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Yellowstone National Park Slowly Emerging from Winter

Some interior park roads opened Friday, April 20, with locals and visitors alike getting out in some springlike weather.

It was time to get out and mix it up with the tourists and park employees!

The early buzz was about Norris Geyser Basin’s Steamboat Geyser—the world’s tallest, spouting upwards of 300 feet high, although erratically—which had apparently erupted April 19 and also April 27.

On Saturday, April 21, there were telltale signs of recent water on the Norris parking lot. But the footpath down to Steamboat was still closed due to snowy and icy conditions. There was only a very short section of boardwalk open down to the Porcelain Basin. Visitors, however, were making the most of it.

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On the Porcelain Basin boardwalk, I witnessed a small uniquely Yellowstone event: a man lost his baseball cap in a breeze and it landed off the boardwalk just to the side of a hot stream of water.

He didn’t speak English, but a member of his party did. I told her the ground at Norris is very thin, and it is too dangerous to step off the boardwalk. She asked, “This is a form of pollution, right?” gesturing at the cap on the ground. I suggested they find a stick, and the gentleman walked back up the trail toward the small Norris Museum, where there were lodgepole pine trees with sticks on the ground under and around the trees.

I continued on my way and took some photos. At the turnaround point, I see the man with his hat firmly in hand. He gestured success with a big smile, and when I flashed him a thumbs up, he reciprocated.

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At Canyon Village, elevation nearly 7,900 feet, there was still a ton of snow on the ground. The parking area around the visitor center and stores had been dug out, but there was a 10-foot wall of snow near the visitor center. The sun was out and the air was warm, so why not take advantage of the picnic tables and eat lunch adjacent to a snow bank?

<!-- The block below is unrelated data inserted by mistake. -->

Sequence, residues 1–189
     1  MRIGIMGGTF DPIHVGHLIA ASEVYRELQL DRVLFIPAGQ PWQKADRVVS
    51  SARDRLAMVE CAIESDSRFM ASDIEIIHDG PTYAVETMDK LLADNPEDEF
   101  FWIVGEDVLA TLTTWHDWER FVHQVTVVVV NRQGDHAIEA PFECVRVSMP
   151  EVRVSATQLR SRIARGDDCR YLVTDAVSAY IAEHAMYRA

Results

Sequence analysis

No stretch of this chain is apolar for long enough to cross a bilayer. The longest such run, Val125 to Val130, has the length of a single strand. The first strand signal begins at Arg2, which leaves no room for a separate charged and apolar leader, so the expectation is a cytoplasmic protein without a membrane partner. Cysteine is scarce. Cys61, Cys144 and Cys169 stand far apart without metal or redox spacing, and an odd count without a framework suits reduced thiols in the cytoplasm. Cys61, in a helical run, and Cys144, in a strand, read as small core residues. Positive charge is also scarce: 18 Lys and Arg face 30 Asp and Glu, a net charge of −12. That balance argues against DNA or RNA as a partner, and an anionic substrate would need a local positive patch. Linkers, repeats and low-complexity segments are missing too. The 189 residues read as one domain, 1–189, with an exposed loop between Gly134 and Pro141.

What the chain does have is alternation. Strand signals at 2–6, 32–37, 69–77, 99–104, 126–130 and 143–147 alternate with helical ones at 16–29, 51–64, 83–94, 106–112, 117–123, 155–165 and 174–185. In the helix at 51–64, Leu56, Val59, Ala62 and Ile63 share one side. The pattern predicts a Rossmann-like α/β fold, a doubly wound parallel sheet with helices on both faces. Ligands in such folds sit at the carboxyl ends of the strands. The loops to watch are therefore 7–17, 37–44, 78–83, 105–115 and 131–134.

Many of the viewpoints and trails accessible from the North Rim Drive will be closed for re-construction for parts of the summer this year, as well as the Uncle Tom’s parking lot on the South Rim. Artist Point was partially dug out, but the stairway to the upper viewing area was still feet-deep in snow. A handful of visitors took their turns patiently at the best spot for the best shot of the Lower Falls, a far cry from the throngs of visitors who will crowd the spot later this summer.

Back at Canyon Village, I engaged in one of my favorite Yellowstone conversations, asking some park employees, “What’s your favorite funny tourist question?” Not to mock anyone, of course—I know I’ve asked my own share of obvious questions in other parks—but Yellowstone’s uniqueness is far above any other park’s “When do the deer turn into elk?” level of questions.

One Yellowstone employee had a great new one—“Are there enough dens for all the bears?” Answer: Yes. Bears can dig their own dens under a tree root system, for instance, or snuggle down into small caves.

About Liz Kearney

Liz Kearney is a former Yellowstone tour guide and snowcoach driver. She lives in Livingston, Montana, where she covers the park and other news for the daily newspaper, the Livingston Enterprise.

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